That’s the thing about life. There’s never a shortage of stressful situations! I can’t simply tune out worrisome information or events, but I can work through them with meditation.

If I’m not quick to suppress my stress, I inevitably end up suffering from dreaded scleroderma flare-ups. I can have full-body attacks of pain, fatigue, and even new organ damage caused by inflammation and scarring.

Knowing how detrimental stress can be to my health, I start meditating as soon as I recognize that my mind is not at ease. Being able to calm my mind is a powerful tool. It’s just as important as the pills I take each day to improve the quality of my life with scleroderma.

Within 10 to 20 minutes, I can relax the tension in my body and quiet the storm swirling in my head. It’s like manually breaking the seal on a pressure cooker and allowing the buildup of steam to escape. The relief is instantly noticeable. I even get to sleep like a baby afterward!

Keep practicing. It’s worth it for the benefits.

Meditation doesn’t have to be about humming the word, “Aum.” You don’t even have to close your eyes. The only thing that’s required is getting your mind and body to connect on a personal level and to accept the moment you’re in.

I’m still learning how to meditate. I spend a few months practicing each new technique before trying a new one. I’m learning that it takes time to master (if that’s even possible), but the benefits make it worth the effort.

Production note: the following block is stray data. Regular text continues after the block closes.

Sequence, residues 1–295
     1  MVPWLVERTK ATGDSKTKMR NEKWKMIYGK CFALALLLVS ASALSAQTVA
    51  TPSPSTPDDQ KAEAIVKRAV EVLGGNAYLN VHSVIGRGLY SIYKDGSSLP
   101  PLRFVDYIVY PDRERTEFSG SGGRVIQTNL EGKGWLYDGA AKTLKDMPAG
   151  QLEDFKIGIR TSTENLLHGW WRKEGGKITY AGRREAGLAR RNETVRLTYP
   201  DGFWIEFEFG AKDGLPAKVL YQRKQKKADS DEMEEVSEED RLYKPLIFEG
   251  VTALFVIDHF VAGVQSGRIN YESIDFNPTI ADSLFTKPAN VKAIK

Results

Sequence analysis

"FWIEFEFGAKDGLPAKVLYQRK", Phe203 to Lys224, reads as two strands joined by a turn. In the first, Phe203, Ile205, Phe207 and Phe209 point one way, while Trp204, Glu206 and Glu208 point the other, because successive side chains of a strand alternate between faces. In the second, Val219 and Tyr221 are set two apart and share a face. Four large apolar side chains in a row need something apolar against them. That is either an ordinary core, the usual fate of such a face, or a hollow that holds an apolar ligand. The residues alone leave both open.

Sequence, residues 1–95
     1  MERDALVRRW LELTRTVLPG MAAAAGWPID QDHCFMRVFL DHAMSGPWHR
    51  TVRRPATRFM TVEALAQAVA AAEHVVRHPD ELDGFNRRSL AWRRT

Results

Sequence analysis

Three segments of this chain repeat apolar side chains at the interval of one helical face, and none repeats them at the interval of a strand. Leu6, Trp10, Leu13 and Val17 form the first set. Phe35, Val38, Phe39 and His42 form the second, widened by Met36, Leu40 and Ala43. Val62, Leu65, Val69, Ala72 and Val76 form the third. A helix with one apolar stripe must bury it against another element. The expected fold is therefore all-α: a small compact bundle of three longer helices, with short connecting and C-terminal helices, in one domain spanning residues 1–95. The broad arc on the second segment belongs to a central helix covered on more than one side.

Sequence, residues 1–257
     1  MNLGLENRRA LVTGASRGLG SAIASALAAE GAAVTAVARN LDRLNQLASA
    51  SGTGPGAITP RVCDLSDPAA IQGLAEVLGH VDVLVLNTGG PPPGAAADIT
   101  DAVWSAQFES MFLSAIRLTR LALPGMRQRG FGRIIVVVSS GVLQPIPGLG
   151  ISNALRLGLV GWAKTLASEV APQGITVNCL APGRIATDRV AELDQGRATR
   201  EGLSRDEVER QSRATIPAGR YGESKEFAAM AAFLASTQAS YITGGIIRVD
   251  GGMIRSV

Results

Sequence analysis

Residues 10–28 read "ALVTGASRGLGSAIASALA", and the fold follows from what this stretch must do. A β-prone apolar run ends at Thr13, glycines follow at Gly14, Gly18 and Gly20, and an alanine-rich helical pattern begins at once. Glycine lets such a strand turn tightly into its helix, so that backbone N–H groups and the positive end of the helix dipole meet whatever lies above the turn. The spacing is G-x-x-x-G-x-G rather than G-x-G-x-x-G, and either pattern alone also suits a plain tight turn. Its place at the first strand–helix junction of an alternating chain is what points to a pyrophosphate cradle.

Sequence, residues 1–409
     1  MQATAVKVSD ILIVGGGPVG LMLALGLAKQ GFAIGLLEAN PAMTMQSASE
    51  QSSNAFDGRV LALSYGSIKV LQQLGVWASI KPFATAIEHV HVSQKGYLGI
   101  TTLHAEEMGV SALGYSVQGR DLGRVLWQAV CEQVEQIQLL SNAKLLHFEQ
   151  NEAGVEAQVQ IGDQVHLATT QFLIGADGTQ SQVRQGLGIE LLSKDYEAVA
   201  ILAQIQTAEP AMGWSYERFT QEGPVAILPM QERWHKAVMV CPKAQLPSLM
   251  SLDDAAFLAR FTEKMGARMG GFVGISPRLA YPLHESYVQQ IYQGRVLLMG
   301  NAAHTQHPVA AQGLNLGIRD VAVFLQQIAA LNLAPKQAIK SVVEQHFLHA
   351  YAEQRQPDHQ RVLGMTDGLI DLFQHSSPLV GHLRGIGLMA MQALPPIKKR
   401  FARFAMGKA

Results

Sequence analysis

My recommendation for others looking to make a positive change in their lives is to learn to meditate. Try the “Headspace” show. Surf the internet for suggestions and techniques, or sign up for classes near you. There are even apps, like one called Calm, that can help. Keep searching for techniques that work for you. Everyone deserves the gift of stress relief!

Note: Scleroderma News is strictly a news and information website about the disease. It does not provide medical advice, diagnosis, or treatment. This content is not intended to be a substitute for professional medical advice, diagnosis, or treatment. Always seek the advice of your physician or other qualified health provider with any questions you may have regarding a medical condition. Never disregard professional medical advice or delay in seeking it because of something you have read on this website. The opinions expressed in this column are not those of Scleroderma News or its parent company, Bionews, and are intended to spark discussion about issues pertaining to scleroderma.


Christel Goetsch avatar

Christel Goetsch

Thanks for the reminder about this technique, Lisa! It’s something I’ve yet to incorporate into my life with scleroderma and all it’s foibles! I’ve been introduced to a set of exercises/breathing techniques, so I’m going to get on with finding one or more that work for me!


Linda avatar


I have a hard time trying to sleep and meditate. Thank you for posting.